Dusan Zivkovic, Acting Director of EPS – We Will Invest EUR 5.4 Billion in RES Projects by 2030

Source: OIE Srbija Tuesday, 27.02.2024. 10:31
(Photo: OIE Srbija)
The Joint-Stock Company Elektroprivreda Srbije (EPS AD) is dedicated to development, modernization and investments for increasing the strength and security of the electrical energy system of the Republic of Serbia, especially in the field of renewable energy sources. The aim of the recently commenced reforms is for EPS to operate successfully and profitably, and that is crucial in the time when decarbonization and green transition are imperative in global energy. EPS is a regular member of the Association RES Serbia and one of the key factors for the further development of green energy in our country.

Dusan Zivkovic, the acting director of EPS AD, points out that Serbia’s biggest energy company is historically connected with RES, because the first hydro power plants, “Pod Gradom” and “Vucje”, over a century old, still work within EPS. The HPP “Pod Gradom” on the Djetinja in Uzice was put into operation in 1900 and was the first power plant in Serbia to operate according to Tesla’s principle of polyphase currents. The first transfer of electrical energy in Serbia was done from the small hydro power plant “Vucje” to Leskovac, by a 17-km power line. The power plant started working in 1903, for the needs of the famous weaving facilities of the “Serbian Manchester” and to light Leskovac.

How many RES power plants does EPS AD have in its portfolio? What is the total power of the power plants which use RES for the production of electrical energy? What is the share of RES in EPS’s portfolio?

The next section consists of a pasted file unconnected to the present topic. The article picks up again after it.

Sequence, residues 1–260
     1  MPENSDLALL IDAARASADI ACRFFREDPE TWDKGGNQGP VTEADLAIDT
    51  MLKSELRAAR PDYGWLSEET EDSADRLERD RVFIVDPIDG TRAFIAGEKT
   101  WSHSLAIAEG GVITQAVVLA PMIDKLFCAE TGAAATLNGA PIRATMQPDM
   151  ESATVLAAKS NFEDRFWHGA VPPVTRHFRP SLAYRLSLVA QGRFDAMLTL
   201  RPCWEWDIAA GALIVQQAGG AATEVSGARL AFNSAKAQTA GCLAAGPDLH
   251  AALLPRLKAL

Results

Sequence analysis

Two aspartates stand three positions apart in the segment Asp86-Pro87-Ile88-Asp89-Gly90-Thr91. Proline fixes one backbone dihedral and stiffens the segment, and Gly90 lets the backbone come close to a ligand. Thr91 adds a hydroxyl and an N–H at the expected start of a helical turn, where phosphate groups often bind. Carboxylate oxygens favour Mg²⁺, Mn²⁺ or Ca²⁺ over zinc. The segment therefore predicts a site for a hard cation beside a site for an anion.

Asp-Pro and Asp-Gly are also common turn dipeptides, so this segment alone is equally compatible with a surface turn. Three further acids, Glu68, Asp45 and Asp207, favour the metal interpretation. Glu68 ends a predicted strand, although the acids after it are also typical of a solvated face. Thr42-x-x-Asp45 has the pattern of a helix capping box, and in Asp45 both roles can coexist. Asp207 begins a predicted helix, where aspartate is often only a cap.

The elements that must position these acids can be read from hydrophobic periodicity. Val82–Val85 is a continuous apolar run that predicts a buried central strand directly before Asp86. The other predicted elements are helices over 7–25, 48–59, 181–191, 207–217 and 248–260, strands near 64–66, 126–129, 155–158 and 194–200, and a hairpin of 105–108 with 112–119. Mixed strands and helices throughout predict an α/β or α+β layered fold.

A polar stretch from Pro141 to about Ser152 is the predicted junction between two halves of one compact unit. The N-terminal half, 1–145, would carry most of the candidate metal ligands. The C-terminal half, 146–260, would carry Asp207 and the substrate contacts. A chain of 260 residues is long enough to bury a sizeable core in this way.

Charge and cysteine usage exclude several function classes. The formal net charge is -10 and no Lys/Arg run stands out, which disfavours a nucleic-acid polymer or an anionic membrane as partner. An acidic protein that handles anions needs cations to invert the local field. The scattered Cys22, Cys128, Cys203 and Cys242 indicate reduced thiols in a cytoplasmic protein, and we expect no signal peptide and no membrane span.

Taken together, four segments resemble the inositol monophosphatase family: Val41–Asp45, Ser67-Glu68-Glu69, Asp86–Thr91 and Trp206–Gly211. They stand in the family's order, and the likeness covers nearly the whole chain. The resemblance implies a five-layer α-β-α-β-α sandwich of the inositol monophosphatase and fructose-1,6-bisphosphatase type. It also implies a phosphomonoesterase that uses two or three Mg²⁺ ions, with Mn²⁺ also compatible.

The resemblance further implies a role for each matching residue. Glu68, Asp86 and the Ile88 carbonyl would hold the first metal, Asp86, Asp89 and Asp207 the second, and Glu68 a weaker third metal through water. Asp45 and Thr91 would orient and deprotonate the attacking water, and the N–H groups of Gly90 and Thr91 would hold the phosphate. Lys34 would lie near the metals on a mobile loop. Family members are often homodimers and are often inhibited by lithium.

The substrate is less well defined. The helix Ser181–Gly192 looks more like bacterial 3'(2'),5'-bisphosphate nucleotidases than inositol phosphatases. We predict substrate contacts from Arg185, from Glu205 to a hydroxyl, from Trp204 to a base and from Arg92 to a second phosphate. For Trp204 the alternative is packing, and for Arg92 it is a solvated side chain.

– Hydro energy is the pride of Elektroprivreda Srbije and, with a power of 3,026 MW, EPS’s hydro power plants have an important role in the company’s production mix. EPS has 16 hydro power plants with 51 hydro generators, one reversible hydro power plant with two generators, one pumping facility with two pumps and 16 small hydro power plants, as well as one solar power plant with an installed power of 330 kW. Thanks to the good hydrology and high reliability of all the generators, records were broken in 2023 when it comes to the production of green kilowatts. The production was 41.3% higher than in 2022, and the annual production plan was exceeded by 13%. Last year, the hydro power plants produced the high amount of 12,665 GWh, that is, more than 12 billion kilowatt-hours of electrical energy, whereby the share of green, hydro energy, in the total production reached 36.5%.

EPS’s portfolio, when it comes to RES, is based on hydro power plants, but we are developing new projects and will continue to do so. At the moment, the construction of the wind farm Kostolac, with a power of 66 MW, and the solar power plant Petka, with a power of 10 MW, are in the final phases and they will contribute to an increase of the share of RES in EPS’s production portfolio.